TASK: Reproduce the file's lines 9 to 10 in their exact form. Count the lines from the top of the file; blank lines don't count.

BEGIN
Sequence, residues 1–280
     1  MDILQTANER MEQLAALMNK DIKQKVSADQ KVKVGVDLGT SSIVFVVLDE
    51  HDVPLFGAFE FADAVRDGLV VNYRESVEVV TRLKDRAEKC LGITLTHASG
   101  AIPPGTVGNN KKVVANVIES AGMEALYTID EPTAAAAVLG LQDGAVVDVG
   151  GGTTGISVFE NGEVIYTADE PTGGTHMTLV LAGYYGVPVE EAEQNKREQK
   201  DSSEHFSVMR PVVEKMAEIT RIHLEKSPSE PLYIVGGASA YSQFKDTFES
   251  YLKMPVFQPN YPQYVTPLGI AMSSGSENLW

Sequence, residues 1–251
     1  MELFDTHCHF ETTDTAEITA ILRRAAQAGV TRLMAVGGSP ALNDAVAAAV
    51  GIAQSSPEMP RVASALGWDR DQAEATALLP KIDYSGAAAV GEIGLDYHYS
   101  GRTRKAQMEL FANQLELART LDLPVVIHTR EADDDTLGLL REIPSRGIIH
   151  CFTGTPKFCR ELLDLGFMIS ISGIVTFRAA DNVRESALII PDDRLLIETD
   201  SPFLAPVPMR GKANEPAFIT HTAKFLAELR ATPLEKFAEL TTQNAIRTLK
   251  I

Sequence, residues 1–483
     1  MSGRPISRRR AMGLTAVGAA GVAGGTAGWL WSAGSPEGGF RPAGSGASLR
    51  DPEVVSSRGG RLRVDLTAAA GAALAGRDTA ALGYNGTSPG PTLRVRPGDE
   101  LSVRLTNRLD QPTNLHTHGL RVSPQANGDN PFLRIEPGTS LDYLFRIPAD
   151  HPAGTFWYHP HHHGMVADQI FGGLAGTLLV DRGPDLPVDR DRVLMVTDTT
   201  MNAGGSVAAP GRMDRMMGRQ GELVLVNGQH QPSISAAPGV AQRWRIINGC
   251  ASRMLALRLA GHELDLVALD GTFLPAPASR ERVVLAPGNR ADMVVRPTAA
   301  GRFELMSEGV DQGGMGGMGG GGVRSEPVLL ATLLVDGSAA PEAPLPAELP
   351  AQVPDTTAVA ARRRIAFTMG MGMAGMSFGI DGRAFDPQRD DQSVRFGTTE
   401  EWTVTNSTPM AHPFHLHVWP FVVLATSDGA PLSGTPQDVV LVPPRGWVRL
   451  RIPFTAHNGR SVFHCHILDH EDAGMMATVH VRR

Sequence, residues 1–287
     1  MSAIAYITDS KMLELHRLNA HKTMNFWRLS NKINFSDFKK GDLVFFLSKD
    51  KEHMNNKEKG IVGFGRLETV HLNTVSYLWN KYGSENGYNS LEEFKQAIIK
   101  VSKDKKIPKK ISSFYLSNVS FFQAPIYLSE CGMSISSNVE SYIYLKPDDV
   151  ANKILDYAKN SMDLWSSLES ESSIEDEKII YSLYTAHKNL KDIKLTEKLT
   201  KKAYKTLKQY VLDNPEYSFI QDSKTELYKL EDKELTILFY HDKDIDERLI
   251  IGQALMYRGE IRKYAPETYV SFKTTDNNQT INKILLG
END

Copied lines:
     1  MELFDTHCHF ETTDTAEITA ILRRAAQAGV TRLMAVGGSP ALNDAVAAAV
    51  GIAQSSPEMP RVASALGWDR DQAEATALLP KIDYSGAAAV GEIGLDYHYS